University of Manchester

Professor Peter M. Budd

School of Chemistry, The University of Manchester, Manchester M13 9PL, UK.

Telephone: ++161 275 4711


Peter Budd








Graphene link






Welcome to the fascinating world of molecules and macromolecules.

We carry out fundamental research on polymers and their interactions with small molecules. We seek to apply our knowledge for the benefit of society and are developing novel materials for a variety of industrial and medical applications.


In Manchester, we have invented a novel class of polymers, referred to as polymers of intrinsic microporosity (PIMs), which have rigid, contorted molecular structures. In the solid state the polymer molecules cannot pack together efficiently, so the material behaves like a sieve for small molecules (i.e., it has micropores, holes smaller than two nanometers).

PIM-1 membrane


A membrane may be used to separate mixtures of gases or liquids into their components. To be useful, a membrane material needs to be both highly selective (i.e., one type of molecule must pass through more easily than others) and highly permeable (i.e., it must let a lot through). We are developing membranes for applications such as carbon dioxide capture and biofuel recovery.


In collaboration with researchers across the Faculty of Engineering and Physical Sciences, we are seeking to develop the science and technology of graphene-based membranes, exploring a range of applications in molecular separations, as barrier materials, in fuel cells, and in sensors. Watch a video about graphene-based membranes.

Simulation of graphene with PIM-1


Polyelectrolytes are polymers that possess many ionizable groups. In collaboration with Prof. Julie Gough (School of Materials), Prof. David Watts (School of Dentistry) and Prof. Judith Hoyland (School of Medicine), we are investigating bioactive polyelectrolytes for application in tissue engineering.


When postdoctoral research positions or funded PhD studentships are available, they are advertised on the University website. Please note that we cannot respond to speculative enquiries, due to the large number that are received.


Chemists in Hawaii

Peter Budd gave two invited talks at Pacifichem in Honolulu, 15-20 December 2015, on "PIMs: tailoring selectivity through chemical modification" and on "High free volume polymers for gas separation".

SynFabFun launches

The formal launch meeting of the Programme grant "From Membrane Material Synthesis to Fabrication and Function" (SynFabFun) took place in London on 3 December 2015. The research programme brings together key groups researching membranes for gas and liquid separations at Manchester, Newcastle, Imperial College, Edinburgh and Bath Universities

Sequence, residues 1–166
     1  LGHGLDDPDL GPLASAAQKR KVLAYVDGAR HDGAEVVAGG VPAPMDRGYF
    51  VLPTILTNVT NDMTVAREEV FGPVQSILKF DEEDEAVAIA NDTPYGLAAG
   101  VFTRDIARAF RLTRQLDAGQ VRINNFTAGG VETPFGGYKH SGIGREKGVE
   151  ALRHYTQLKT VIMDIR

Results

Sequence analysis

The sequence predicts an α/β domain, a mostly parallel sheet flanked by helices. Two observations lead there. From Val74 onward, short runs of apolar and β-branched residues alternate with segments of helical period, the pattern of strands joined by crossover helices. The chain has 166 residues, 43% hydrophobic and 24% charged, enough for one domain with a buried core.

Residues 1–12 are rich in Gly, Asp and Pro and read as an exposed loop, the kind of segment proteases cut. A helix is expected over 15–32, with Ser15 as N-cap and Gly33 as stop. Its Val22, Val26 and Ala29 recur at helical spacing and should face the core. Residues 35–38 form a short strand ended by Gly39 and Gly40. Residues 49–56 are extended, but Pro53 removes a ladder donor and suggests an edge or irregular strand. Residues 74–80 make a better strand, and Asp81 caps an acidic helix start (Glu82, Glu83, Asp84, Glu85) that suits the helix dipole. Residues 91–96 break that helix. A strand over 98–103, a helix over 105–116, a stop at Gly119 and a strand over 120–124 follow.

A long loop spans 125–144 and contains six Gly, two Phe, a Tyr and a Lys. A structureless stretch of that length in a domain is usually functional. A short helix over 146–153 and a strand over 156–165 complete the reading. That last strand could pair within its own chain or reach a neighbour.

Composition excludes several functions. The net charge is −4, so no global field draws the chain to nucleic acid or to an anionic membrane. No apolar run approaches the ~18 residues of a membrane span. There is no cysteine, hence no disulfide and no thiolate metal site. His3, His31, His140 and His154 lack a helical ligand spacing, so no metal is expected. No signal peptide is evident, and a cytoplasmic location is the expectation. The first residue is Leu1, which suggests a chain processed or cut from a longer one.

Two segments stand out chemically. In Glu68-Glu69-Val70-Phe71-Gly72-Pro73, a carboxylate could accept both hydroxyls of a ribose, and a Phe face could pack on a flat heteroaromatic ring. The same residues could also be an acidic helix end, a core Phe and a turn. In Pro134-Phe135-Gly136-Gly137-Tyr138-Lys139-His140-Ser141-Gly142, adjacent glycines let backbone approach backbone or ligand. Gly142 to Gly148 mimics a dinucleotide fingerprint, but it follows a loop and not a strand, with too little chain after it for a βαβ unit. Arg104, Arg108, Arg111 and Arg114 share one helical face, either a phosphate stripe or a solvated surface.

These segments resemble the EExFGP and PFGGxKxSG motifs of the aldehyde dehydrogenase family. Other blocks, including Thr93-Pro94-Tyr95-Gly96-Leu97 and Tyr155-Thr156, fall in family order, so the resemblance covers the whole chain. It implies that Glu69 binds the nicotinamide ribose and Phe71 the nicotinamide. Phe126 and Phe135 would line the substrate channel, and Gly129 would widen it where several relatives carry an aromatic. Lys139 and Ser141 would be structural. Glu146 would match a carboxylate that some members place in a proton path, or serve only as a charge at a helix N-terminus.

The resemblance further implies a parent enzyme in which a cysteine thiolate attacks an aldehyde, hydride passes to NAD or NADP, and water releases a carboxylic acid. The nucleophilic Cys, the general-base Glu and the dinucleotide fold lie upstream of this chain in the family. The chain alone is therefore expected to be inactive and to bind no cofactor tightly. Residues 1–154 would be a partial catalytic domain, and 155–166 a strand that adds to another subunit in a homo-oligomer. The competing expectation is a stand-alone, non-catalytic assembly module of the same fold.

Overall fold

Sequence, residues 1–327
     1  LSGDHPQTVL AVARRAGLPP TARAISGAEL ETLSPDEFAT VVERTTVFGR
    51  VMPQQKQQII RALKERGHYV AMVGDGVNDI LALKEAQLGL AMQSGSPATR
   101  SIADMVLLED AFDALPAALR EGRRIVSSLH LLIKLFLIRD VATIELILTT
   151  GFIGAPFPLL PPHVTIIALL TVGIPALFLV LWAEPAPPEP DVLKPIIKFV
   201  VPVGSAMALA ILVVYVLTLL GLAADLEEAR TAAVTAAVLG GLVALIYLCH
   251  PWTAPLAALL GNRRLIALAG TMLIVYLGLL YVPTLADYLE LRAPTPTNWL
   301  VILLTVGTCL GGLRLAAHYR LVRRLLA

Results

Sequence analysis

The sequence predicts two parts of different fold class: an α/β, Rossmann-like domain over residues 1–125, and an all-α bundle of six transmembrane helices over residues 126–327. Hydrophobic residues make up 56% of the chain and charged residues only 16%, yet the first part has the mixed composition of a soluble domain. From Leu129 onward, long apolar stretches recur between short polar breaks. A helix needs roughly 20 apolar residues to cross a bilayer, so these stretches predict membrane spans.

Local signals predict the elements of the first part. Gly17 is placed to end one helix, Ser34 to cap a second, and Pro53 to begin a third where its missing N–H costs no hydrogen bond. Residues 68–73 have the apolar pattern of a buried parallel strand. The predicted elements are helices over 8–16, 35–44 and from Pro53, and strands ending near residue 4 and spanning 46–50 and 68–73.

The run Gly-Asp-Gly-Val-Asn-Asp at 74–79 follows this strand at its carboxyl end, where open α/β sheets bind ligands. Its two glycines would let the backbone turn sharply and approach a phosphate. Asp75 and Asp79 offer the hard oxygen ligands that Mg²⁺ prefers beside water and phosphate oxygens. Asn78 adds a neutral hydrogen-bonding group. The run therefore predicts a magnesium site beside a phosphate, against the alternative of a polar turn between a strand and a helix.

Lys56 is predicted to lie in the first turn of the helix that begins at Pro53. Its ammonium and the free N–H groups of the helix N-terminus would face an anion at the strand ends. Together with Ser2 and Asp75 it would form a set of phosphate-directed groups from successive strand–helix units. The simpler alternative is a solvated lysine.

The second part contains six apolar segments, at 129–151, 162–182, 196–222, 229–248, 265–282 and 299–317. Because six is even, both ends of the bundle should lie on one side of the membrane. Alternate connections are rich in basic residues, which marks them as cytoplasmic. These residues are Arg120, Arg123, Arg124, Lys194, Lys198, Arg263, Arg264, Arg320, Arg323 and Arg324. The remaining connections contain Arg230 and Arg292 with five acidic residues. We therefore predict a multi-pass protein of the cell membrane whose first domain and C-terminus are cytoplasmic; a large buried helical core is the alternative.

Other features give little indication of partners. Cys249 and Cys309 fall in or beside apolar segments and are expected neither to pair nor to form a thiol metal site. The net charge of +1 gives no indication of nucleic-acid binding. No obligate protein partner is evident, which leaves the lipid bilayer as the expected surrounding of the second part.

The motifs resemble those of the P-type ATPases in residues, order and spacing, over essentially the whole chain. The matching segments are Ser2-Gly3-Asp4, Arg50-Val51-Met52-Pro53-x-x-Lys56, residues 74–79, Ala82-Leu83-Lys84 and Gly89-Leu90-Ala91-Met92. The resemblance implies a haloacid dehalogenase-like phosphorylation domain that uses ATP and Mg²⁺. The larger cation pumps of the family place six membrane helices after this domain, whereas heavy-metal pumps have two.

Congratulations to Bekir Satilmis, who acheived his PhD.

Award for product utilising Manchester invention

The 3M Organic Vapour Filter End of Service Life Indicator has won a Product Innovation Award from the British Safety Industry Federation. The product uses a Polymer of Intrinsic Microporosity invented in Manchester. You can read about the product in the May 2015 issue of "Tomorrow's Health & Safety", on p. 36. More information.

Euromembrane 2015

In September, Peter Budd and Wayne Harrison were at Euromembrane in Aachen, Germany.


Royal Society Meeting

In April, Peter Budd spoke at a Royal Society Theo Murphy international scientific meeting on Nanostructured Carbon Membranes, held at Chichely Hall. The paper is published in Phil. Trans. R. Soc. A.

Carbon Capture at Cranfield

In April, Peter Budd spoke at the Biannual Meeting at Cranfield University of the UK Carbon Capture and Storage Research Centre.


Graphene membranes video

A short video about graphene-based membranes can be viewed on the graphene website or on YouTube.

First commercial product using a PIM

A polymer of intrinsic microporosity (PIM) is a key component of a new type of sensor that indicates when it is time for a user of industrial respirators to change their organic vapour filter. Press release

Advanced Materials in New Zealand

In February 2015, Peter Budd delivered a keynote lecture at AMN-7 in Nelson, and gave a seminar at the University of Auckland.

Manchester and Liverpool United

An EPSRC-funded programme of research "Organic Mixed Matrix Membrane Technologies for Post-combustion CO2 Capture" (ORGMENT) commenced in 2015. The research, which links Manchester and Liverpool Universities, builds on earlier work reported in Angew. Chem. Int. Ed.


Updated 4 January 2016

Copyright © 2006 - 2016 Peter M. Budd


Graphene membrane video

Graphene's potential to provide drinking water

Peter Budd talks to Polymer Chemistry

Macromolecules 22 June 2010